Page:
Why You Should Be Incorporating Undereye Patches Into Your Weekly Routine

Woman wearing undereye patch

It can be hard to get out of bed in the morning — let alone look bright-eyed, bushy-tailed, and wrinkle-free — after a long night. After all, the effects of exhaustion tend to show up on our face (and specifically, in our eye area) first. While there are a number of at-home remedies you can employ to erase bags and dark circles, most of them require you to sit still and hold objects like chilled spoons or slices of cucumber in place as they get to work. And frankly, who has time for that when they need to get ready for work?

That’s why eye patches and gels have become so popular in recent years: they work much faster than DIY depuffers and regular eye creams. According to Dr. Maryann Mikhail, a board-certified dermatologist and Director of Phototherapy at Mount Sinai Beth Israel Medical Center in New York, most eye creams are intended for long-term use for benefits seen over time, not immediately. Patches and gels allow you to fake a full night’s sleep in a matter of mere minutes without getting in the way of your morning routine. All you have to do is stick them on, let them get to work while you get dressed, and take them off before you head out the door.

“Eye masks are most useful as a quick fix to hydrate and de-puff the periocular area,” Mikhail explains. “Since it is applied directly to the area, the active ingredients are under occlusion [sealed in], which intensifies their strength and efficacy.”

As you shop for your perfect patches, you’ll find that this category typically comes in one of two forms: either biocellulose or gels. Biocellulose eye masks, like the Peace Out® Puffy Undereye Patches ($25 for six pairs), are a bit reminiscent of the sheet masks we love to use for a quick skincare fix and come soaked in brightening ingredients like vitamin C and K. But like sheet masks, biocellulose eye treatments can start to slip — and they tend to dry out quickly.

“Sheets can’t be left on as long,” warns board-certified cosmetic and general dermatologist Dr. Annie Chiu. “Once they are dry, they will start to lift moisture from your skin rather than deliver it to your skin.” Save them for when you’re really in a rush and know you’ll be removing them expediently (in about 10 minutes) versus lounging around (for 30 or more).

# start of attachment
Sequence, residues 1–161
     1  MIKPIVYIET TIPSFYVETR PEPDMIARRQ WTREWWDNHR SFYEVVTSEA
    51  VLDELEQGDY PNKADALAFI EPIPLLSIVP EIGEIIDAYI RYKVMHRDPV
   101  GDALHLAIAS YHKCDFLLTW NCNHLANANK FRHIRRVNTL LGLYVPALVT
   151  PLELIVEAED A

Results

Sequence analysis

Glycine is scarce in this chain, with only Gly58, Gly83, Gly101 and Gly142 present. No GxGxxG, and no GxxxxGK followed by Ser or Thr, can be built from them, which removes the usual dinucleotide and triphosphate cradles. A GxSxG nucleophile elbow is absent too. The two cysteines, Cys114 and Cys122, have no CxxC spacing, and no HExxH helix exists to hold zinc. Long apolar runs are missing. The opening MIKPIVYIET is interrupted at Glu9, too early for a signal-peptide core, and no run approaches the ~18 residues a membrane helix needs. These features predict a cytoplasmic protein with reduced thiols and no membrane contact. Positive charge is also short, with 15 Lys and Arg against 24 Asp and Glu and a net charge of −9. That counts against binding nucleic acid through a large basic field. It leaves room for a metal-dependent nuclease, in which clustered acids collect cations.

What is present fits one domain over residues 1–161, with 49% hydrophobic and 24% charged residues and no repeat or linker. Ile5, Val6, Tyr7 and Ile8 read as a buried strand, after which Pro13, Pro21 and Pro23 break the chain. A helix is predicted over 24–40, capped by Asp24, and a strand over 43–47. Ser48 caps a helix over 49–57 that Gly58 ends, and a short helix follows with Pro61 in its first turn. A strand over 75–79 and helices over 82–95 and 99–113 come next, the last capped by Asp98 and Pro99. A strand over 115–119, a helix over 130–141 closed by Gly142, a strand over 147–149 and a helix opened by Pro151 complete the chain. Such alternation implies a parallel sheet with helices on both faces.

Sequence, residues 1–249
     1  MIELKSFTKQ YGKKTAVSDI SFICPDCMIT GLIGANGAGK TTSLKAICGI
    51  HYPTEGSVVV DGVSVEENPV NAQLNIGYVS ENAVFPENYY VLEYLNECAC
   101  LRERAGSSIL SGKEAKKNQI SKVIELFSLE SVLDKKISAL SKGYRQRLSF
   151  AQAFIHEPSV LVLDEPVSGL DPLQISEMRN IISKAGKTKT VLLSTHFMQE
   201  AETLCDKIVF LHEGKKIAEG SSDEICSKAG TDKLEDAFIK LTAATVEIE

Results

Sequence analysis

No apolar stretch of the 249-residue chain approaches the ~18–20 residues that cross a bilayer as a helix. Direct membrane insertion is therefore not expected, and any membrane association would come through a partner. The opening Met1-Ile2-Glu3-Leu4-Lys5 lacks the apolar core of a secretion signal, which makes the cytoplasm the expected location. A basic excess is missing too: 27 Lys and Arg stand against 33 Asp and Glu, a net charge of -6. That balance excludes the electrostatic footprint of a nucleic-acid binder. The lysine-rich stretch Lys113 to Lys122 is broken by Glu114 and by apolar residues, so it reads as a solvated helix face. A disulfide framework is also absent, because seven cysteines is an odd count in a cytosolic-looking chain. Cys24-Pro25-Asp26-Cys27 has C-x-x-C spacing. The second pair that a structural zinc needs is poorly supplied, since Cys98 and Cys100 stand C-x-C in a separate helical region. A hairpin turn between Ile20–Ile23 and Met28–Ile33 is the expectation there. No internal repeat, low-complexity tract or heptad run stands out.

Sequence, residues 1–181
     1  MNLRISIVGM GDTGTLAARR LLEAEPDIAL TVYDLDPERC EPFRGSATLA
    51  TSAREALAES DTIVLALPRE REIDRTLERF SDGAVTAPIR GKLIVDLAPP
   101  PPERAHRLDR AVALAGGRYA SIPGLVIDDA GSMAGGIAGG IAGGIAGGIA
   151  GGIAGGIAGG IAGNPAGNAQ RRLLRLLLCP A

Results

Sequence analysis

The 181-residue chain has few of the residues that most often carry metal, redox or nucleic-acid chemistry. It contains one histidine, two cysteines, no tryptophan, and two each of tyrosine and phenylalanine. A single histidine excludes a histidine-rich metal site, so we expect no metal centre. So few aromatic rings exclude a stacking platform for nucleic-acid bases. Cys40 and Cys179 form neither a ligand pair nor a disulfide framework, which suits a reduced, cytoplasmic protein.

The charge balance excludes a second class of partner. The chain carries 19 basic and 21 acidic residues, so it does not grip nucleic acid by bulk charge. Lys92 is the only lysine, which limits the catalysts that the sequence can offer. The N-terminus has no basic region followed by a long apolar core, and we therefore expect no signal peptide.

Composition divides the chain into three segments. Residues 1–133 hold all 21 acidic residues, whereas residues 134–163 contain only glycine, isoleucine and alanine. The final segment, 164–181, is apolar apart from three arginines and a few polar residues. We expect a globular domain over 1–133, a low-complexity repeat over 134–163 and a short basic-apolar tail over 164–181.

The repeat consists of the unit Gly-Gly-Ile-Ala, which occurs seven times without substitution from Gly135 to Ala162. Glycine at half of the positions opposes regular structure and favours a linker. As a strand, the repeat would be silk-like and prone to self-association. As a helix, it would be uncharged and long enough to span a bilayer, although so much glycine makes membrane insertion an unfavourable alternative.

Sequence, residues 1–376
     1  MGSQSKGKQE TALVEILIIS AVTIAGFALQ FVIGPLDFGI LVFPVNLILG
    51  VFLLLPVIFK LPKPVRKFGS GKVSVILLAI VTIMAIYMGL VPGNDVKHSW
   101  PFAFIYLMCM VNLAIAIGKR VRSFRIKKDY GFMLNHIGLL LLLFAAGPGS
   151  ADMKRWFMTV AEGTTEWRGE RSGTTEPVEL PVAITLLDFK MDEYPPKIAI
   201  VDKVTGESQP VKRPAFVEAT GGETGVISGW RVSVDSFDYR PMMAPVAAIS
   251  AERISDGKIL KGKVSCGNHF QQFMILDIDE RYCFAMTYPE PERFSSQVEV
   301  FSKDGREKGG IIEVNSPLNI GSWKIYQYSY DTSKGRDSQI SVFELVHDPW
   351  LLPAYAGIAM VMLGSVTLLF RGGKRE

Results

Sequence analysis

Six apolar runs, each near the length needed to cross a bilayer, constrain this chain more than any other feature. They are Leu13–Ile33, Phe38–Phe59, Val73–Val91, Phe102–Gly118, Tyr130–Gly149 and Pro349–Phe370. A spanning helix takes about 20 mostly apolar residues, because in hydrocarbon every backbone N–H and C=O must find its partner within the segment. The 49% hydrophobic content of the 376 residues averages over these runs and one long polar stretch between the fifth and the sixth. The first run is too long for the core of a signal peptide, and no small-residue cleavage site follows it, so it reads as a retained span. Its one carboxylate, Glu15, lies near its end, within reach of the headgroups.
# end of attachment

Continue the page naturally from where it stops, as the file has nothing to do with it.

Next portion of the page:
Alternatively, gel-based treatments such as Skyn Iceland® iconic Hydro Cool Firming Eye Gels ($30) stick in place as soon as you apply them and create a better barrier to hold in those active ingredients, preventing them from evaporating while they start to treat your skin. Plus, you can pop gel masks in the fridge for a cooling and soothing feeling that will tamp down on puffiness even faster. They’re great for both a stressful morning and a more leisurely self-care session.

Depending on the effect you’re after, you’ll want to look closely at your ingredient list. “These days there is an eye mask for everything — dryness, puffiness, dark circles, fine lines and wrinkles, loss of elasticity and other textural issues,” says Chiu. When shopping for these products, she recommends key ingredients like vitamin C, which can help brighten, and hyaluronic acid, which hydrates and plumps up the volume of the skin. Both of these can be found in one of Chiu’s favorite picks, Frownies® Eye Gels ($20 for three pairs). She also notes that the included aloe, linolenic, and oleic acids can also add a quick moisture boost, while vitamin E soothes and softens.

The top ingredient that we recommend you keep your eye on for skincare is one you likely already have in your a.m. routine, albeit in a different format: caffeine. Not only does it help perk up your body, but it also works to eliminate eye bags by depuffing and tightening under eye skin in a snap. Both experts point to PETERTHOMASROTH® Water Drench® Hyaluronic Cloud Hydra Gel Patches ($52 for 30 pairs) as a prime example, thanks to its blend of caffeine and hyaluronic acid. Together, these help calm puffiness and hydrate the area as well as smooth the look of fine lines and wrinkles.

We’ll admit that their efficacy and potency can make it tempting to have eye masks in your rotation every morning, but it can be easy to overdo it. “The eye skin is the thinnest on the body, so the most prone to irritation and allergic reactions to products,” points out Mikhail. “With undereye patches, the occlusion increases the risk of irritation.” While the patches work in a skincare emergency — like fixing the effects of a long night — they’re meant to be a weekly treatment, not a daily one. Adds Chiu, “patches and masks should be followed up with a serum or eye cream of choice. These should be used on a daily basis.” Consult with your dermatologist if you have more questions about your eye treatment.

While eye creams should be a staple in your skincare routine already (discover our tips for finding the best eye treatment for you here), consider eye patches more of an occasional upgrade. They can be the perfect accessory to boost the effects of your daily eye cream or serum, whether you’re pampering yourself before a big event or in a pinch before work. 

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 Products may have been gifted to the author for the purpose of writing this article.

Dr. Annie Chiu is a paid Allergan consultant.